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Selling the Cloud: Modern Solutions to Selling SaaS

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The complexity surrounding SaaS sales and software buying decisions is increasing. The reason: traditional software models based on one-time, upfront licencing fees have evolved to SaaS cloud solutions. Now, pricing is pay-as-you-go. Therefore, buyers expect value that extends beyond the closing of the sale.

This change in the software market means that professionals selling the cloud need to redesign their approach to buyers. However, the buyers are also changing.

Simply put: IT buyers are only a segment of the group. With more business functions depending on SaaS capabilities, multiple stakeholders are entering the buying process. Cloud computing service providers need to engage various needs while articulating how the solution brings value to the business.

While these challenges are significant, so are the rewards. According to Gartner, “As of 2016, approximately 17 percent of the total market revenue for infrastructure, middleware, applications and business process services had shifted to the cloud.” Moreover, “through 2021, this will increase to approximately 28 per cent.” The future isn’t up in the air — it’s in the clouds.

Here, we look at five best practises for selling the cloud.

Selling SaaS Solutions to New Buyers

Today, IT stakeholders have moved to an influencer role, while business-unit stakeholders and C-level executives occupy the primary buying position. As a result, the sales cycle is increasing amid divergent objectives within the same organisation. Each stakeholder has a personal definition of value. The selling professional must address each one. Without the appropriate preparation, too many sales professionals are falling short of this need.

According to Forrester research, eight out of 10 executive buyers believe sales meetings are a waste of time, citing that “salespeople grade themselves an A- on understanding customers' issues and where they can help, whereas buyers give salespeople a failing grade.” Sellers must be aware of the players on the field and their positions. Only then can they truly prepare and deliver value.

Focusing on Different Stakeholder Needs

In a rush to meet the needs of companies shifting to SaaS, PaaS or IaaS, too many technology sales professionals fall into the trap of simply reciting product features. Doing so lacks answers to the essential question “So what?” The appropriate answer to this question is different depending on who the sales professional is engaging. CIO and CISOs are increasingly focused on managing risk. Therefore, they need to understand how the solution will address those concerns.

Meanwhile, the CTO needs to know how the software delivers value to the technology team. These are the kinds of meaningful conversations that fulfil the ROI expectations that continue to escalate on the buying side of the transaction.

Driving Buyer Consensus

The buyers will not achieve consensus on their own. This job falls to the sales professional. The status quo is the boulder they must move in order to reach the sale. Customer stakeholders must come together, vocalise their viewpoints, and allow sometimes difficult conversations to unfold. This aspect of selling is critical to maintaining momentum. Here, it’s particularly effective for the seller to not only join disparate groups but also to underscore the risks of not moving forward.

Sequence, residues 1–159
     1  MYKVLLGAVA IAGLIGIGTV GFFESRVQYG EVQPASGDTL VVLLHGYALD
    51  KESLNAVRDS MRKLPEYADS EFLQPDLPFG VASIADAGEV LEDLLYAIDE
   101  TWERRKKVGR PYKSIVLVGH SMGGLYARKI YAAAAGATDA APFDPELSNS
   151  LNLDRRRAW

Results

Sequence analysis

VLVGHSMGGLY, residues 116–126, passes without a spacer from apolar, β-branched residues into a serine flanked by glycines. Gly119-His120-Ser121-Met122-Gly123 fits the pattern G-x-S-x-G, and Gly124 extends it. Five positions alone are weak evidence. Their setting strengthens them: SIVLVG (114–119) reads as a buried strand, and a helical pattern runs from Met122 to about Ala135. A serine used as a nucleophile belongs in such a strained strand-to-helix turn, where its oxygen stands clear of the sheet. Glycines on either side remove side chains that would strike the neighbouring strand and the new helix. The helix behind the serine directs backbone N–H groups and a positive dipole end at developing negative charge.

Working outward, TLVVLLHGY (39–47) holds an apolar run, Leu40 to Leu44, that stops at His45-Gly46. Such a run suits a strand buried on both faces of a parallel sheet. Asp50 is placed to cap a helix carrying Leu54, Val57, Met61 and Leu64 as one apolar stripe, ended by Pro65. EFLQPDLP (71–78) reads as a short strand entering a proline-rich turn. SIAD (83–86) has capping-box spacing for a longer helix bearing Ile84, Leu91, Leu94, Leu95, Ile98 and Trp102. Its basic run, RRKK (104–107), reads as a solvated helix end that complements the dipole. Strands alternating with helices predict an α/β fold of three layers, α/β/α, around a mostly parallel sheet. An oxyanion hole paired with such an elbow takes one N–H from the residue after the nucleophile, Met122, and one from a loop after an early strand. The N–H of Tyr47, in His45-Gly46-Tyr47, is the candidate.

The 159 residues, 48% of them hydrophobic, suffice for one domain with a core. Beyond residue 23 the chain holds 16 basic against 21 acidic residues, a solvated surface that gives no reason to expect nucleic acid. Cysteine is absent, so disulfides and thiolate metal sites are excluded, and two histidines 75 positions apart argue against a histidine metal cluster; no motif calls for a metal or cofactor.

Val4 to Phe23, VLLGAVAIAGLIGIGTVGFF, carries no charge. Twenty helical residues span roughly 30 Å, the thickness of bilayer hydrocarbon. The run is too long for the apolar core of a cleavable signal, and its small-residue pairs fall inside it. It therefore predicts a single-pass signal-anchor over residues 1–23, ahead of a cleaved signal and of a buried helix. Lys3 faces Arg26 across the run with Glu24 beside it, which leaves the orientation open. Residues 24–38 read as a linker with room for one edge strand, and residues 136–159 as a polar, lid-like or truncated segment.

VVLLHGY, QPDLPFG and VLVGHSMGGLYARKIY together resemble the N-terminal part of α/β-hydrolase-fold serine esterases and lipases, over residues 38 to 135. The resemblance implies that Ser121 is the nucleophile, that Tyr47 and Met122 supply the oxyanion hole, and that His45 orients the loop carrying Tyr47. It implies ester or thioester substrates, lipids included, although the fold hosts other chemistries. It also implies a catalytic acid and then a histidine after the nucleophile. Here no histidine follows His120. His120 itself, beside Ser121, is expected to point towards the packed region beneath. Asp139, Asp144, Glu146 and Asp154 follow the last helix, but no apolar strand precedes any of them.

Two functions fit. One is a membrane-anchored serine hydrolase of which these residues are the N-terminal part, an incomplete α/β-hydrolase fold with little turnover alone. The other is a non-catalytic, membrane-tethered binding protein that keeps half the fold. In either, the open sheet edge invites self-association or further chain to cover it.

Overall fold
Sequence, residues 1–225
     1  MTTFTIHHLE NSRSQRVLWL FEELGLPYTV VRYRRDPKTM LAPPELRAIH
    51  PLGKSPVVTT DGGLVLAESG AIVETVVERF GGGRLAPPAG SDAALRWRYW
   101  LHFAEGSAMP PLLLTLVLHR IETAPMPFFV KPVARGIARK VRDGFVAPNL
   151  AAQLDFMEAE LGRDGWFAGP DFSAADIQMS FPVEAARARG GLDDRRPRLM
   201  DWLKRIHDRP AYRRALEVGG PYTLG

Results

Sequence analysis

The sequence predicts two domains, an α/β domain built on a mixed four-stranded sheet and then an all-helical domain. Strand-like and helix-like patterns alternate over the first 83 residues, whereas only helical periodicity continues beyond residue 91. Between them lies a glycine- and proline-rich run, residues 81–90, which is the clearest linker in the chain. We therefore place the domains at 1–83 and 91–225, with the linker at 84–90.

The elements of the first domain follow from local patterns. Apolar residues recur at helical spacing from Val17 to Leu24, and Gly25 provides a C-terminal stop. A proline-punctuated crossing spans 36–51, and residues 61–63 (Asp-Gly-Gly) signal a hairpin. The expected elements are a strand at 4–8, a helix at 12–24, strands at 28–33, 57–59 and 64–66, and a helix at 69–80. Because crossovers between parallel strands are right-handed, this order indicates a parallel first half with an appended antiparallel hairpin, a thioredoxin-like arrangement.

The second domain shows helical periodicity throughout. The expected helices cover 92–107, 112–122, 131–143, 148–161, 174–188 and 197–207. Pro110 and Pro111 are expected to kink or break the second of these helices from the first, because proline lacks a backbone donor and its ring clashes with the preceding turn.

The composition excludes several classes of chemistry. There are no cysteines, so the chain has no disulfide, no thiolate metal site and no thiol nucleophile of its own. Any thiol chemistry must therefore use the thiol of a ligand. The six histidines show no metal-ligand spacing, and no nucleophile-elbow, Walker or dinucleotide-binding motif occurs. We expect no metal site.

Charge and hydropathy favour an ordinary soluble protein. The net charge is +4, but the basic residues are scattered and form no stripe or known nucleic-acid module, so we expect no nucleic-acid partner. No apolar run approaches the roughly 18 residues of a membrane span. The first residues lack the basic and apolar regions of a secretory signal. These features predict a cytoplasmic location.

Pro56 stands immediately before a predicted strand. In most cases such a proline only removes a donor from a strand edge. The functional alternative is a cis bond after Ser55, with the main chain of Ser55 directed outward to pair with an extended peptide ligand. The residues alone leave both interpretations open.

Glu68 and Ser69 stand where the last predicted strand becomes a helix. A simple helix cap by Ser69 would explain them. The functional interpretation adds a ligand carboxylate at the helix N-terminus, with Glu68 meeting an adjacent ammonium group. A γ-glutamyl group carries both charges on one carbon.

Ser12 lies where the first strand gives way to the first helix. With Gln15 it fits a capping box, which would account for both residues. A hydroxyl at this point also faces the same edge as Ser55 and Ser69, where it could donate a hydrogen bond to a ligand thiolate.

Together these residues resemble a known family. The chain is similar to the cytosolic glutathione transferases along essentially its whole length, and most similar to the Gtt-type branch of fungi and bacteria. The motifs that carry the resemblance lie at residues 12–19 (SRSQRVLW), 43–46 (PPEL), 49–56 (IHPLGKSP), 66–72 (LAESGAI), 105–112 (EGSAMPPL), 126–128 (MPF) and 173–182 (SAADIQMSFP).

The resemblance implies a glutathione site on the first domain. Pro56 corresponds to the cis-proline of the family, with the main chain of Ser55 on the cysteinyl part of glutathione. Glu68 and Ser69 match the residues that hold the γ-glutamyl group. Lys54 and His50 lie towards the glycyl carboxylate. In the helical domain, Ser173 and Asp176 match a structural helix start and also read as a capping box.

The benefits of making buyer consensus a priority will be substantial in the future. Bain predicts that revenue from the Global Cloud IT market will increase from $180 billion in 2015 to $390 billion in 2020. Earning a share of this growth requires sellers to take the initiative and bring people together.

Aligning on a Buyer-Centric Sales Process

The path to the sale is paved with experience. To consistently improve their process, sales professionals must watch how previous customers capitalise on the solution. This routine is not limited to just those in a sales position. Marketing and customer service professionals must also regularly renew efforts to keep pace with customers. The result is synchronicity in which the sales process develops into a repeatable flow. This approach creates a compounding effect that keeps the customer’s experience at the centre.

Remember, this is part of the organisational learning curve. Therefore, achieving results takes time and consistency. If the selling organisation cannot unite themselves, they will have difficulty uniting those in the customer’s business.

Communicating Value Without Overpromising

SaaS sales are no longer characterised by upfront capital investment. In some ways, the sales professional’s relationship with the customer is only as good as their last subscription renewal. The customer can part ways with the sales professional at any time. Therefore, promises must be right-sized and unwavering. It’s easy to cut the cord when there never was one in the first place.

Conversations must be open, honest and transparent. The sales professional will assist their rise to the role of a trusted adviser by demonstrating a forthright demeanour. In the end, the buyer understands that they’re talking with someone who stands behind their word.

As IBM reported, “80 per cent of US companies are planning to increase their use of cloud-managed services.” Sellers willing to prepare and combat the status quo will capture much of this growth.

The time to revitalise efforts is now.

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